I remember being in elementary school and having either an actual assignment or an extra credit assignment to ask a relative about a historically significant event they could recall. (Honestly, I may have actually just imagined this assignment happened and have a false memory.)

“Ask your parents what they remember about the first man on the moon, the end of the Vietnam War, the assassination of President Kennedy,” etc.

As I grew older, I started to wonder if there would be a historically significant event in my lifetime. Would I ever have someone younger than me ask where I was when event X occurred?

As you know, this weekend marks 20 years since the twin towers fell. When there was a shift in our nation – for the first time in decades there was a physical attack on the United States.

Sept. 11, 2001 – I was a freshman at the University of Wisconsin-Whitewater. It was a Tuesday morning, which meant working in the government documents section of the university library beginning at 8. The first plane hit the north tower of the World Trade Center at approximately 7:45 a.m. central time; I was probably walking across campus to work when that occurred.

At work, my supervisor always had the radio in the backroom turned on. I heard the words “plane crashed into building” and thought it sounded awful. But, airplanes did occasionally have mechanical failures so it was not unheard of for planes to crash and I went out to return items to the stacks.

It was at work that I learned two planes had crashed into the twin towers. This was not a tragic airplane accident – this was deliberate. I wish I could remember if my co-workers and I were sent to the stacks to do our tasks or if we sat around the table in the backroom, listening to the radio.

My 9:30 a.m. class met briefly before being dismissed. Most of us already knew something terrible occurred. The rest of my classes that day were also canceled.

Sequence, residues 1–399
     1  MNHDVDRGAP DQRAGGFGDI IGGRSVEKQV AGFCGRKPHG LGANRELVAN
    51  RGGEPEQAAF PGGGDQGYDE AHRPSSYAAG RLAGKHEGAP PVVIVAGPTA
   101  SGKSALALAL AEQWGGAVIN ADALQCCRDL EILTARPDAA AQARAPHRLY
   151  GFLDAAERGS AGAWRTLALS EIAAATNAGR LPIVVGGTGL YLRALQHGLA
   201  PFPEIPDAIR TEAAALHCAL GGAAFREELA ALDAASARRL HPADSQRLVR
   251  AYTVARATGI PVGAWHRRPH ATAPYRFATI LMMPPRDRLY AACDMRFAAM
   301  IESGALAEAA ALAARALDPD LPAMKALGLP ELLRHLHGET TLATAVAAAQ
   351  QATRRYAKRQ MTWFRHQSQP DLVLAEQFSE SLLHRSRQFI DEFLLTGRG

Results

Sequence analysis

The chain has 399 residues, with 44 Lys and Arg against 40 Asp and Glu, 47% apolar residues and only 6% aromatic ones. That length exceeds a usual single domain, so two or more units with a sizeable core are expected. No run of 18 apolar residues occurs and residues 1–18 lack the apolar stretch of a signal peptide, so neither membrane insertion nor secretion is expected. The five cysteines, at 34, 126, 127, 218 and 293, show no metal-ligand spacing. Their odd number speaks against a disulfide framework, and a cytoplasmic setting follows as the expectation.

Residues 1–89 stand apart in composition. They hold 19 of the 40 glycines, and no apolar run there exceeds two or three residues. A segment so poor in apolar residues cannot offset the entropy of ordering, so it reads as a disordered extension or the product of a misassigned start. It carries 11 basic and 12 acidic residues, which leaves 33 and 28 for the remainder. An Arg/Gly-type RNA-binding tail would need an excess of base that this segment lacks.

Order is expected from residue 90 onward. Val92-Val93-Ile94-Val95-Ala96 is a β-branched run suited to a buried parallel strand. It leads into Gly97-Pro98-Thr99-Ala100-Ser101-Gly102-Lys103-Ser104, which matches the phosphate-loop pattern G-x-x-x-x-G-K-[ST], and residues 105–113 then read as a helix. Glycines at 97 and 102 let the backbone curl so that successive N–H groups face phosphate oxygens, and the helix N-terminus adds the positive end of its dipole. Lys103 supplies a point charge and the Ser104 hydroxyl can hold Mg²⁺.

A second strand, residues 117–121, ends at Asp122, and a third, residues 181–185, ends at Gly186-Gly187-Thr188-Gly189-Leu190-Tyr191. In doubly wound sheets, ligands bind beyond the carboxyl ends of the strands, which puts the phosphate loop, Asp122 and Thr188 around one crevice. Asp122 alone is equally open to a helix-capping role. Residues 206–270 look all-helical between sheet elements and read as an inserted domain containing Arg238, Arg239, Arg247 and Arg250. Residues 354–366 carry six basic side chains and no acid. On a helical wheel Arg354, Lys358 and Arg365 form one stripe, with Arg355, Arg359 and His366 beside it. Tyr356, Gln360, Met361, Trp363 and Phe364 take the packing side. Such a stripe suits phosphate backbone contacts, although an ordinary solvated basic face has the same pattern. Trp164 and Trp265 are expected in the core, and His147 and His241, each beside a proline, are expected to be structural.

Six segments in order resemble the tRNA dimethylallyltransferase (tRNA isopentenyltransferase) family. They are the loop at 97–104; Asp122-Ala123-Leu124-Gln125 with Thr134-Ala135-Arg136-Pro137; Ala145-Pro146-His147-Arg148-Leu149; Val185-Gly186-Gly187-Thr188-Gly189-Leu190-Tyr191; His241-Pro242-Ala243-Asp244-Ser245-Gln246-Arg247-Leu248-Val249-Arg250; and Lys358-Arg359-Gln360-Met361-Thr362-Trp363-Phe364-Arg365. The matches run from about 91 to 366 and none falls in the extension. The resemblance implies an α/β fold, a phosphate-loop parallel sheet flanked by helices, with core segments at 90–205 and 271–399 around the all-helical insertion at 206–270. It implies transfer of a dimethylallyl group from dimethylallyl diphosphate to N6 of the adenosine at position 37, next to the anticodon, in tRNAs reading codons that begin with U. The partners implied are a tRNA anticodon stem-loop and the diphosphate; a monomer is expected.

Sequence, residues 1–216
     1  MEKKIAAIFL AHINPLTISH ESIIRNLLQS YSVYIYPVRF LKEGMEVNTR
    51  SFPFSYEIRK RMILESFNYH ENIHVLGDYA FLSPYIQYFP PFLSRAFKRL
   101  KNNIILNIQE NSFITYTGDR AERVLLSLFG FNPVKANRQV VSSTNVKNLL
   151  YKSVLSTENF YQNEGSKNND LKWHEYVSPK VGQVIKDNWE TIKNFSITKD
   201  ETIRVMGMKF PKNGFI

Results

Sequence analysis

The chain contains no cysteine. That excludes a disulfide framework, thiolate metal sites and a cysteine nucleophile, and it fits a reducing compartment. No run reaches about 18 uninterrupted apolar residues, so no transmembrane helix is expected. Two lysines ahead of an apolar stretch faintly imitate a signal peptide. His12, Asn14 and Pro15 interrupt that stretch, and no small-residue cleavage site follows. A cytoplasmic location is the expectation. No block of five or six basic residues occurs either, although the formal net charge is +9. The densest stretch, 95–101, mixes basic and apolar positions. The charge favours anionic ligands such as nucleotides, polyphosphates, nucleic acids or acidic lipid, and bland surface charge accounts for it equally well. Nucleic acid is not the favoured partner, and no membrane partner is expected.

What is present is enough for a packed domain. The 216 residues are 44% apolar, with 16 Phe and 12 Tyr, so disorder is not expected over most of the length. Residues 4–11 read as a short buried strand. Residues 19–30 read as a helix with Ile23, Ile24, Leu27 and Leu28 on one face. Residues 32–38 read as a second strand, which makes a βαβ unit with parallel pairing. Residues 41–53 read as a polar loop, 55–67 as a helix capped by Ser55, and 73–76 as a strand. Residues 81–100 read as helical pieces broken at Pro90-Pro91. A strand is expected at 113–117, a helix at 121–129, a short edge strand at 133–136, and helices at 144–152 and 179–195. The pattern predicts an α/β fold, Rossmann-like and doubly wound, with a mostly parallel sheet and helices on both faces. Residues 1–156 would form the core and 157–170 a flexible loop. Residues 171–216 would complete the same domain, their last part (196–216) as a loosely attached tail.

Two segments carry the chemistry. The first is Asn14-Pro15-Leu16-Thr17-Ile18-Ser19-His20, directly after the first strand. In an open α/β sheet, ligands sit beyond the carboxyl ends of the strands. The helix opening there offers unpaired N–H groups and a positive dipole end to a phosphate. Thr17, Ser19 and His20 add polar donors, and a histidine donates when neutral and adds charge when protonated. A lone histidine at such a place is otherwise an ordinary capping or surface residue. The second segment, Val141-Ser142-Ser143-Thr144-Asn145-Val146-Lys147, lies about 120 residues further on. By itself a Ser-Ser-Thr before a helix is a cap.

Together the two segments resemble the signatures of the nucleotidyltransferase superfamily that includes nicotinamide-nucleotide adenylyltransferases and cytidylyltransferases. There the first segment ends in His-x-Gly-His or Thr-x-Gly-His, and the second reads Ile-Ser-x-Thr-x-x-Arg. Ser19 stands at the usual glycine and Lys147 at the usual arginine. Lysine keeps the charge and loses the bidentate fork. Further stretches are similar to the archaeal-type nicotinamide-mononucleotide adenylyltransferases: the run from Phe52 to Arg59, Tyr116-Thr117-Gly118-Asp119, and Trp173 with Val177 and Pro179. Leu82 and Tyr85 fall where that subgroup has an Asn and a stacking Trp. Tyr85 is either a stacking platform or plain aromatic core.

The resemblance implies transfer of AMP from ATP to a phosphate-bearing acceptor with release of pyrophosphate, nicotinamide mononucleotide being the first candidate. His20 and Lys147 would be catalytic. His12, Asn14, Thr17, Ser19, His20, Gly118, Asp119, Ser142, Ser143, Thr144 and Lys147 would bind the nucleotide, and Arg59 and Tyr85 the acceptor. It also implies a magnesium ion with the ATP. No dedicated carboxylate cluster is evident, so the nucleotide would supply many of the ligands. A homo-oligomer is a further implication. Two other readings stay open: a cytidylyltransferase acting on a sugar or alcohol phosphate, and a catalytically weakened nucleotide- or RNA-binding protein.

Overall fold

My roommate was afraid her brother, who was stationed in Hawaii, would be deployed overseas. And just five months earlier, she had been at the World Trade Center as part of a high school music department trip to New York City.

A university campus in the fall, within the second week of the semester, shouldn’t feel somber. Every TV shouldn’t be tuned into news. The cafeteria shouldn’t be as quiet as the library during finals week. But that’s what I remember. It was as if laughing and smiling would have been disrespectful to the people who lost their lives.

I saw those planes crash into the World Trade Center again and again and again as TV networks kept updates coming. Then there were the pictures: President George W. Bush being interrupted while reading to children at an elementary school as he was informed of the attack, the rubble of the twin towers, first responders tending to those who were injured, and the look of devastation on the faces of countless people.

That day left me feeling a bit less safe; that this could happen almost anywhere. It probably didn’t help that the terrorism threat levels, which had existed prior to Sept. 11, were now being broadcast each day and it seemed like we were in level orange for days.

For children like my niblings, Sept. 11 will be a few pages in a history book. It will feel as foreign to them as the assassination of Kennedy feels to me. They’ll ask their parents and grandparents “Where were you on Sept. 11?” as part of their homework or extra-credit assignment. And perhaps they will wonder if they will ever live through a historically significant event that changes the nation. If so, may it be one similar to putting a man on the moon – a moment of wonder that reminds us anything is possible. Then again, the attack in New York also reminded us that anything was possible – though not in way that provided us positive thoughts.

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